Participating alongside a diversity of creative specialists in 36 Days of Type, an annual event on Instagram is a lot of fun and very productive. Creating one letter or number per day for 36 days is quite a marathon but the creative community is supportive and motivational and the sense of achievement on completion is huge. Personal projects will always be close to any designer’s heart and my typeface ‘Glenys Evans’ has stretched my creative thinking and technical skills.
Please tell us all about your new typeface, Glenys Evans.
Maria Geals: ‘Glenys Evans’ is a typeface I created for my MA in Arts & Design by Independent Project. A postgraduate qualification offers a unique opportunity to write a brief that explores personal themes. My Welsh grandmother was a very important figure in my life who brought a love of Wales to our family. I set out on a journey to research and capture a personal creative response to a part of my ancestry through the craft of typeface design.
The Welsh language is an essential part of the nation’s heritage and a typeface is a useful tool to help facilitate the use of the language. The typeface is inspired by my research into Wales and the Welsh and, whilst its aesthetics are culturally expressive, it is also practical and it includes the glyphs required for bilingual typesetting. It also supports other declining languages with Celtic origins including Cornish, Irish, and Breton, and incorporates historical glyphs for modern academic typesetting of Middle Welsh, which was used between the 12th and 15th centuries in early manuscripts.
‘Glenys Evans’ is primarily a text typeface, crafted and tested for optimal legibility during immersive reading in print and screen-based media. Although it’s designed for comfortable reading at small sizes without distracting from the author’s words, its stylistic influences are visible at headline sizes. Expressing a Welsh aesthetic in the typeface without succumbing to clichéd and distracting shapes has been the greatest challenge during the design process.
My research into the theoretical aspects of the project partly focused on documenting existing typographic models to confirm shapes and conventions associated with Wales, including ancient Celtic manuscripts and vernacular types around Wales. Other avenues of inquiry involved experiences to help me respond to Wales emotionally and to understand my typeface’s audience. I took a beginner’s course in Welsh, and studying in Snowdonia was significant to my project.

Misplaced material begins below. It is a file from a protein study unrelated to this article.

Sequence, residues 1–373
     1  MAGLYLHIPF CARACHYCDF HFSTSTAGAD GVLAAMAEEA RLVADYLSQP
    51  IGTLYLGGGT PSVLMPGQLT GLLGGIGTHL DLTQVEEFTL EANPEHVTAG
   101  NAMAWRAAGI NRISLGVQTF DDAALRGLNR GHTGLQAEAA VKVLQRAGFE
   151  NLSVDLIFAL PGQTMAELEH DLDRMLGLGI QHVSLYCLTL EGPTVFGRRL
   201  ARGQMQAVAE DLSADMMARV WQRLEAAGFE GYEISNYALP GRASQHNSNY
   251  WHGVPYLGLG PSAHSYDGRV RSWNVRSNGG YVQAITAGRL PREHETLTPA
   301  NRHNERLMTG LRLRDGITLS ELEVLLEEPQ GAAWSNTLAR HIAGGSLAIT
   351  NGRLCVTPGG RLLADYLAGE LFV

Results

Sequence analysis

It enabled me to make a visual connection between the almost primal sounds of the spoken language with the rugged landscape of Wales. The design conveys Welsh geology through roughened curves and asymmetry in the drawing of each character, sharpness contrasts with a weathered softness. The typeface is also infused with calligraphic strokes and subtle Celtic themes, alluding to Wales’ history and mythology. The expansion of the typeface into a family of weights and styles is in progress and it will soon be published for commercial licensing.
What are your professional futuristic plans and current engagements?
Maria Geals: Currently I’m combining custom-type commissions and collaborations with ongoing work on my retail typeface projects. In addition to preparing ‘Glenys Evans’ for release, I have several other retail typefaces in progress which I would like to make commercially available shortly.
What’s your advice to those wanting to get into typeface and logotype?
Maria Geals: The most important thing is to have a real passion for letterforms and shapes. If you find yourself constantly getting distracted by lettering or cataloging vernacular type whilst on holiday, then a career in type design could be calling you. A good understanding of typographic history, processes, tools, and techniques is important. There’s a wealth of printed books, specialist libraries, magazines, and accessible online resources, so enhancing learning in typography is much easier these days.
There are also some great remote courses available.
Even if eventual freelance designing or launching your foundry is your ultimate goal, hands-on industry experience with a foundry or studio will give you a much deeper understanding of this specialist area. Type design is more like a marathon than a sprint and requires endurance. If you’re designing a type family, be prepared that some stages of the process (eg. kerning and bug-fixing) may seem less glamorous than others but understand they’re equally important as the more creative phases.